ANDERSON — The Madison County Commissioners unanimously voted to relaunch the needle exchange program for two years through a contract with Aspire Indiana.
Following about one hour of public input on Tuesday, the commissioners approved the contract with Aspire to run the needle exchange program through June 5, 2020. The contract was passed contingent on Aspire providing insurance documents to the county.
Only four people spoke in opposition to the program, but the meeting room was full of supporters of the needle exchange program.
Those in opposition were concerned about the disposal of syringes.
The exchange rate of syringes was criticized by members of the Madison County Council when it voted to end the program managed by the Madison County Health Department last August.
Last month, the Aspire Health board of directors voted to begin the harm reduction program, including the needle exchange aspect.
The program will have an emphasis on testing for HIV and hepatitis C, a syringe exchange, vaccinations for hepatitis C and B, and an outpatient detoxification plan.
Dr. Kristina Box, state health commissioner, said the Indiana State Department of Health is supportive of the needle exchange programs in the state.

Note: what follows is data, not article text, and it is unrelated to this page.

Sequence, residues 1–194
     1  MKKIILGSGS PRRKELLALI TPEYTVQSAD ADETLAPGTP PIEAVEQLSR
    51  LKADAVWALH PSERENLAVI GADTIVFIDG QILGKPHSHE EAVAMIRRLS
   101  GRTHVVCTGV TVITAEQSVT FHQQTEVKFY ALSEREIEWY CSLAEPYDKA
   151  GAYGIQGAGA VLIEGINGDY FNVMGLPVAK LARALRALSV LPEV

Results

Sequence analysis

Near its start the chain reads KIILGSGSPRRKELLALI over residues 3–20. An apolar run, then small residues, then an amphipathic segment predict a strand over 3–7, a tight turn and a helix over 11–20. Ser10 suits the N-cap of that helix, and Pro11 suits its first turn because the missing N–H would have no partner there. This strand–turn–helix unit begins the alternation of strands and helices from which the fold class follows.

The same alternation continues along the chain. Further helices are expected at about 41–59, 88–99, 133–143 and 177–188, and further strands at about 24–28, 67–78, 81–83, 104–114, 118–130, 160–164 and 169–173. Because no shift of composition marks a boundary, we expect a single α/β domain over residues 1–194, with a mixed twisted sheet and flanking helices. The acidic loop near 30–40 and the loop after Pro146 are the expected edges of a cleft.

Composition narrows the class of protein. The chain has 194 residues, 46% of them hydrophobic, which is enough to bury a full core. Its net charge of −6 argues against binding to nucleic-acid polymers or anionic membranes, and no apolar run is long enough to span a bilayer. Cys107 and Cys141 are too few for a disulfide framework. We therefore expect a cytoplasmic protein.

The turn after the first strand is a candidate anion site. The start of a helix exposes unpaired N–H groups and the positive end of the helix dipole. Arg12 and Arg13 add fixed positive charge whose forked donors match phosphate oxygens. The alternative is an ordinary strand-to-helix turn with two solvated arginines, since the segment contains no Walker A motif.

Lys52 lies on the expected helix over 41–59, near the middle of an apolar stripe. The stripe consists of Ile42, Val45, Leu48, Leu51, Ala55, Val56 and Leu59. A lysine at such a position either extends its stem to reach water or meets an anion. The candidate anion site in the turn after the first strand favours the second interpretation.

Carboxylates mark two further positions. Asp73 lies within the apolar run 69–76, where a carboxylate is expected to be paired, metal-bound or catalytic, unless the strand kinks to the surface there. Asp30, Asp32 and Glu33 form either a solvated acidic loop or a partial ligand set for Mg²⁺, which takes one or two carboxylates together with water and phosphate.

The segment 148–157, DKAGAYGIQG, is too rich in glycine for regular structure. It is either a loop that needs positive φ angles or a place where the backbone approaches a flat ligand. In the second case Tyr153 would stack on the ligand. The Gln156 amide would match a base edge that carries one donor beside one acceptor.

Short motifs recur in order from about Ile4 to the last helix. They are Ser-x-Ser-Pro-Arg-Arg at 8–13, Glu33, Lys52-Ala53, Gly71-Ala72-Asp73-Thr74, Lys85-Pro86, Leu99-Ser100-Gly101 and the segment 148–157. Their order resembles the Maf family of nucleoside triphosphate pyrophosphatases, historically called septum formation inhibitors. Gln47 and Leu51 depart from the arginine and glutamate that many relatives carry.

“It is important around the state, which is dealing with an opioid epidemic,” she said. “It is important way of getting people into treatment.”
Box said from 2015 to 2017 the number of hepatitis C cases in Madison County has doubled and is the next step to an increase in HIV cases.
She said treating hepatitis C costs between $50,000 to $80,000 and treatment costs for HIV can range from $400,000 to $600,000.
Box said hepatitis C can be transmitted by pregnant woman to their babies and can be sexually transmitted.
She was pleased to see that Madison County was considering implementing the program.
“This is the right thing from a public health standpoint to do,” Box said.
Dr. Stephen Wright, the county’s health officer, said he intent is to prevent the spread of hepatitis C in the county.
“An ounce of prevention is worth a pound of cure,” he said of the cost of treatment.
“This is not a perfect option, but the only option we have to prevent hepatitis C,” Wright said. “This is a tool.”